“So what does your business do, exactly?”
Have you ever attempted to share your company’s elevator pitch, but when you did their eyes glazed over? Or maybe the last time you told someone what you do you felt self-conscious because even you don’t truly believe what you’re saying?
Most small business owners struggle with how to describe what they do in a way that makes people curious. But here’s the catch 22 — if you can’t do this, it’s awfully hard to get clients, potential partners, investors or anybody to believe in what you’re doing.
The Purpose of an Elevator Pitch
What’s the short summary you use to quickly and simply define your offering and its value proposition? Now deliver it in the time span of an elevator ride, or approximately sixty seconds.
The problem starts with the idea that you must pitch or sell someone, so now the pressure is on. I personally like to think that your elevator pitch isn’t about pitching or selling, instead it’s about choosing and conveying a specific language that makes people take notice. It’s a message that sparks attention and solicits interest.
It is a distilled version of your marketing message. When shared correctly, it positions your business in the minds of your audience. Furthermore, it hones in on what is important to them in a consistent and effective way.
Crafting your Company’s Elevator Pitch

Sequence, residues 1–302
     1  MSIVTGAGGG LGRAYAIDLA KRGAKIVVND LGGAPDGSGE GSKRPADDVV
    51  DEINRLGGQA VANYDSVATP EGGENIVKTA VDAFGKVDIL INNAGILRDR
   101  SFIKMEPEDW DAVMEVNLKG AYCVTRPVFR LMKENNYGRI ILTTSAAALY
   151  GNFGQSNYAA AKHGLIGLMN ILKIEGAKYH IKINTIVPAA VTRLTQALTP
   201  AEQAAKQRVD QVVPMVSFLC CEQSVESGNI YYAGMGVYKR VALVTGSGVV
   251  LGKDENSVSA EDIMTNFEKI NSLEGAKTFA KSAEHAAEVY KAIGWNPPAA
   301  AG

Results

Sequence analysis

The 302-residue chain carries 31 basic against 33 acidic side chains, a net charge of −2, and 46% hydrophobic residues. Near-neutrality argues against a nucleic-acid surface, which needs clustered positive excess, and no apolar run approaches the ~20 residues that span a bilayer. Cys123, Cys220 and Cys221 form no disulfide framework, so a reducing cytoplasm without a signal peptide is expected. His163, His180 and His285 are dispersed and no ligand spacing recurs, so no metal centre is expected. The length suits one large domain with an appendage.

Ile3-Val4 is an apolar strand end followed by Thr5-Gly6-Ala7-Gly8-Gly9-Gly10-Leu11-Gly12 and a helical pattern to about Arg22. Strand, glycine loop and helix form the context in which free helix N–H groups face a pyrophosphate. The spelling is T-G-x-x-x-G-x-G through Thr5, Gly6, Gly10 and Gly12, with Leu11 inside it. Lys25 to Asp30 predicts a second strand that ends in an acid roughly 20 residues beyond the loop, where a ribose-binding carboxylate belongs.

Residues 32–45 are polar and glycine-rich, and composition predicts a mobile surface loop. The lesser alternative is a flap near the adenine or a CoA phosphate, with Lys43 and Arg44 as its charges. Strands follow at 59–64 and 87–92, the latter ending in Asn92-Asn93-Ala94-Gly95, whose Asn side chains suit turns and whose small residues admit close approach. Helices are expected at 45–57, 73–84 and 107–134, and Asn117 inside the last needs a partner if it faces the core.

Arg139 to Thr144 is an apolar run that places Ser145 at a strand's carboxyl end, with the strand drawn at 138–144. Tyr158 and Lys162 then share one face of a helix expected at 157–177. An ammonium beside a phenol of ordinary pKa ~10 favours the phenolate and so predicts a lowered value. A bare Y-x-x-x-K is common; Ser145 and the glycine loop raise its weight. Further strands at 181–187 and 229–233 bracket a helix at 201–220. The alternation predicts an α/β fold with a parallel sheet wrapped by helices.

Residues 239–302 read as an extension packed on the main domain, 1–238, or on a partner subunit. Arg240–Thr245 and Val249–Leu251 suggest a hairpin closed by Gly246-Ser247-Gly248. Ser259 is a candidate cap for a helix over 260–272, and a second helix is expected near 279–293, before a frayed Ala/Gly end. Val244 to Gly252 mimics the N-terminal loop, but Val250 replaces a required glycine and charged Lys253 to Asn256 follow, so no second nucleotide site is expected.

Tell me, “What problem does your company solve?”
No, you’re not just a health coach. People don’t wake up in the morning thinking “I have to get a health coach today.” Instead, they wake up thinking about a set of issues that requires the assistance of a health coach. These specific problems are what you really do therefore, should be included in your pitch.
Which statement sounds more compelling?
“I’m a fitness coach;” or ” I help people lose body fat in 90 days or less.”
Be specific about the problem that you solve. Then tell people exactly what’s in it for them.
What is the value that you really offer? Create a specific call to action or offer.
Yet, you shouldn’t stop there.
It’s not enough to tell people what’s in it for them. You also have to ask for their business. Express exactly what you’re asking for: whether it’s to visit your website, purchase your product, early stage capital, a partnership, etc. Be detailed — yet concise — as possible. That means asking someone to purchase a $26 candle holder, not that they purchase a product from your inventory of lifestyle gift items.
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